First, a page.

Keep your risk factors to yourself, please

Keep your risk factors to yourself, please. (Photo Illustration by Korbl Klimecki)

Pregnancy can be a daunting time for any woman, especially when she’s trying to finish her college degree.  The concerns that already run through a pregnant woman’s mind are amplified when she comes in contact with secondhand smoke.

Studies from multiple journals state the negative effects secondhand smoke has on pregnant women.

In the medical journal Pediatrics, researchers discovered that the risk of stillbirth increased by 23 percent and the risk of birth defects increased by 13 percent in women who didn’t smoke but were exposed to secondhand smoke during their pregnancy.

“We anticipate that the effect becomes significant when the woman is exposed to more than 10 cigarettes a day, which isn’t a lot when you consider that some women are exposed to partner’s and other people’s smoking habits on a daily basis,” said study author Jo Leonardi-Bee, Ph.D. and Associate Professor in Medical Statistics at the University of Nottingham in England. “However, we need more evidence to be able to say with certainty what the true levels are.”

Leonardi-Bee’s research also indicates that women exposed to secondhand smoke experience rates of stillbirths or birth defects at nearly the same rate as pregnant women who choose to smoke.

Women who smoked during pregnancy had a 20-34 percent chance of having a stillborn and a 10-34 percent chance of giving birth to a baby with a birth defect.

ARC has numerous pregnant women on campus who are concerned with the health risks linked to the secondhand smoke lingering in breezeways and near classroom entrances.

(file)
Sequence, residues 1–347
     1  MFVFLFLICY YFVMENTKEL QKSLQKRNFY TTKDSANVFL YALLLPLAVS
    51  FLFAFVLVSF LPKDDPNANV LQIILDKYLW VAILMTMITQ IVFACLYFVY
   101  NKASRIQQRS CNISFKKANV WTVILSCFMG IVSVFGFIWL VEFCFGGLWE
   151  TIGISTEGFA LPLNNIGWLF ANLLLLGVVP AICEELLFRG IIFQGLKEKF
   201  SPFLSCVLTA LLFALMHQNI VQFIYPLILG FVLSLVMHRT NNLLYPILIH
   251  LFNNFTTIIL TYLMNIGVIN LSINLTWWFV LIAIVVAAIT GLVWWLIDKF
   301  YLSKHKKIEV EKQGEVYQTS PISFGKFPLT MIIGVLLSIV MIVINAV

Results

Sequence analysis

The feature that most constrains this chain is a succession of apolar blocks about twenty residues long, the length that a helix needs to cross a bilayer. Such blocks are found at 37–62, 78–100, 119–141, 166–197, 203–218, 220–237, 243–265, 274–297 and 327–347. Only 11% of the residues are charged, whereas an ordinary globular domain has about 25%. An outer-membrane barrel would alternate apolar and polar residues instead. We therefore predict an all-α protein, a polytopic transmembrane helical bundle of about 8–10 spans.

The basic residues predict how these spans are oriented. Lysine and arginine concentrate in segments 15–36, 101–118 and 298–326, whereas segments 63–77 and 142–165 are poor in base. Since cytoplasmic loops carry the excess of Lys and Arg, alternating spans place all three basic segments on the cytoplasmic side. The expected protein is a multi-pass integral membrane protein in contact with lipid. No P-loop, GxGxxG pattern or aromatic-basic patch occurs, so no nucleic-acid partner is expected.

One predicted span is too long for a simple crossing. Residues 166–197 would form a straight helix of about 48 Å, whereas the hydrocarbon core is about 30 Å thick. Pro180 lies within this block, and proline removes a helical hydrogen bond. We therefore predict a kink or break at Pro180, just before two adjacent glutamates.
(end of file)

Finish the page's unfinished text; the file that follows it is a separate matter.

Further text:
“Every time I walk out of Davies hall a wave of tobacco smoke consumes my breath,” said ARC student and expecting mother Samantha Artria. “I get angry and I give the person an evil glare, because even though they have the freedom to smoke, I have the right to not be subjected to other people’s smoke and I’m going to do my best to prevent my daughter from being exposed.”

I’m not suggesting we turn our campus into a smoke-free environment, but smokers have a responsibility to protect others from exposure to secondhand smoke.

Next time you want to light a cigarette, please do it in an open area, not in one of the enclosed hallways in the Liberal Arts building. And please don’t stand right next to Davies Hall with a lit cigarette. You have the right to smoke, but nonsmokers shouldn’t be subjected to dangerous secondhand smoke because of your inconsideration.

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